Researchers from Georgia State University reports that monkeys perceive visual illusions in the same way as apes and humans see them in their daily life.
According to them, humans and monkeys perceive and misperceive the world similarly, which reflects resemblances in these species' perceptual systems and their interpretation of their physical worlds.
"These results show that humans and monkeys share similarities in their perceptual systems," said Audrey Parrish, graduate student at Georgia State.
They perceive and misperceive some types of physical stimuli in similar ways.
The research team conducted two computer experiments with human adults and monkeys.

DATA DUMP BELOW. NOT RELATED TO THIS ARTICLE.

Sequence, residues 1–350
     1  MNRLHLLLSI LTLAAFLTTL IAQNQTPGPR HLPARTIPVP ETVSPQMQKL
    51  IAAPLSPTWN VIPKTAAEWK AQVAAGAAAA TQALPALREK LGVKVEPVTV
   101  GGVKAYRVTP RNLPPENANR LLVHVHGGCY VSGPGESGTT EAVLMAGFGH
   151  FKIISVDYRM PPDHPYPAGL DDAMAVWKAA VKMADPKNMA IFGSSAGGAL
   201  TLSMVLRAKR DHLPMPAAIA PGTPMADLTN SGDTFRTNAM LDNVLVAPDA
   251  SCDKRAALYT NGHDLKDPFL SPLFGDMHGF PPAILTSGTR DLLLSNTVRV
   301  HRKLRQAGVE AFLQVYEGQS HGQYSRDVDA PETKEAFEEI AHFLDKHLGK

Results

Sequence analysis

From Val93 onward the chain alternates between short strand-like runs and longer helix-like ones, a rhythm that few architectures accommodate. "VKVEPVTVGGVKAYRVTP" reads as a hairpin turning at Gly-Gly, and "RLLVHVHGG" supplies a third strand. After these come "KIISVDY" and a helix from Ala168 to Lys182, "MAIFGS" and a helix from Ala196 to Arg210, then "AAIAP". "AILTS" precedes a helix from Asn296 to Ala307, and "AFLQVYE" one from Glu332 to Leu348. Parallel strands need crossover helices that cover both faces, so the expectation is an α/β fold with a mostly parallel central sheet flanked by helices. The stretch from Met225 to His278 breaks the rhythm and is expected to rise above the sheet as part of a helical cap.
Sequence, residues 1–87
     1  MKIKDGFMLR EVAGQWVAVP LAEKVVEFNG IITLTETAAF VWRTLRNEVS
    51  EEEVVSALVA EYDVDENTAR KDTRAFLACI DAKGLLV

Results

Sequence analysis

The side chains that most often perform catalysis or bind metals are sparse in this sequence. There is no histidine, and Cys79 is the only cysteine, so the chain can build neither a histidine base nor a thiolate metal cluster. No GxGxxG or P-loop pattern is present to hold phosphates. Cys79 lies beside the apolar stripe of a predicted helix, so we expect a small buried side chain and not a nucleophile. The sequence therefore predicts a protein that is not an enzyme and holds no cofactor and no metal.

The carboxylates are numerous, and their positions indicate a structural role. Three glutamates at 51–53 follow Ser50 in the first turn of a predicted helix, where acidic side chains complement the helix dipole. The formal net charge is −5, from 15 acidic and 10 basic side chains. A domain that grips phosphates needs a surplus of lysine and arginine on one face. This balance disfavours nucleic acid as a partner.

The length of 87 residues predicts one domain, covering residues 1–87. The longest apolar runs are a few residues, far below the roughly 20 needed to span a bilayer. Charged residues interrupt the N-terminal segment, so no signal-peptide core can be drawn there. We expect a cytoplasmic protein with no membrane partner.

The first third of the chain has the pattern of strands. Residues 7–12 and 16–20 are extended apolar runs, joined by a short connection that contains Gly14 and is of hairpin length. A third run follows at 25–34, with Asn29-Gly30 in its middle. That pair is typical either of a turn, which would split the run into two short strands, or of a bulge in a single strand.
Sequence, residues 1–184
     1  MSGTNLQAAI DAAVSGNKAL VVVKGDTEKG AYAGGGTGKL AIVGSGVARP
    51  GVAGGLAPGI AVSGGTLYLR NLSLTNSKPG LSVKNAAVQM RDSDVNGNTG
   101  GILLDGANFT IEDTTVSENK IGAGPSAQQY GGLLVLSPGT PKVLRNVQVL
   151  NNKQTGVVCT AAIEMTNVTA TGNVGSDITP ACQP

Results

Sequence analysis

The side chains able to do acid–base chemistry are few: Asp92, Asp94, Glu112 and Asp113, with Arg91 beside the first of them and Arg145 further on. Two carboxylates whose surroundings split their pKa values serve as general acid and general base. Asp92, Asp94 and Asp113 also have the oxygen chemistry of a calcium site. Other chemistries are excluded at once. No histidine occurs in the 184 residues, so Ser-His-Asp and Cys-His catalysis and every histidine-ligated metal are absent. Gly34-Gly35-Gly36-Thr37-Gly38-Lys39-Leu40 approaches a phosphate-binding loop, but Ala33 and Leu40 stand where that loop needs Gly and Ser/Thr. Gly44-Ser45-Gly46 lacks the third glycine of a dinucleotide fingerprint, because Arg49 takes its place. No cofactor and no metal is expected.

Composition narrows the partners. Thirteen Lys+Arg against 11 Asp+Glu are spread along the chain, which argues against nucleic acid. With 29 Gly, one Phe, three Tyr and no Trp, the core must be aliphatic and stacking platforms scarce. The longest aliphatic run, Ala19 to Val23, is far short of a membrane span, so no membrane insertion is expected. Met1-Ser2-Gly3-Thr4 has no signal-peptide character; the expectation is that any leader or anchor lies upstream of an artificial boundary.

In the study, capuchin monkeys and rhesus monkeys saw the Delbouef illusion in a manner similar to human adults.
The Delboeuf illusion is one type of visual illusion where a dot surrounded by a large ring is typically perceived by humans to be smaller than the same-sized dot surrounded by a small ring.
This occurs because the ring creates a specific context in which the dots are perceived.
"The results show that monkeys are an appropriate model for studying human perception and that contextual cues affect perception in ways that are shared across species," Parrish explained.
The findings were published in the Journal of Experimental Psychology: Animal Learning and Cognition.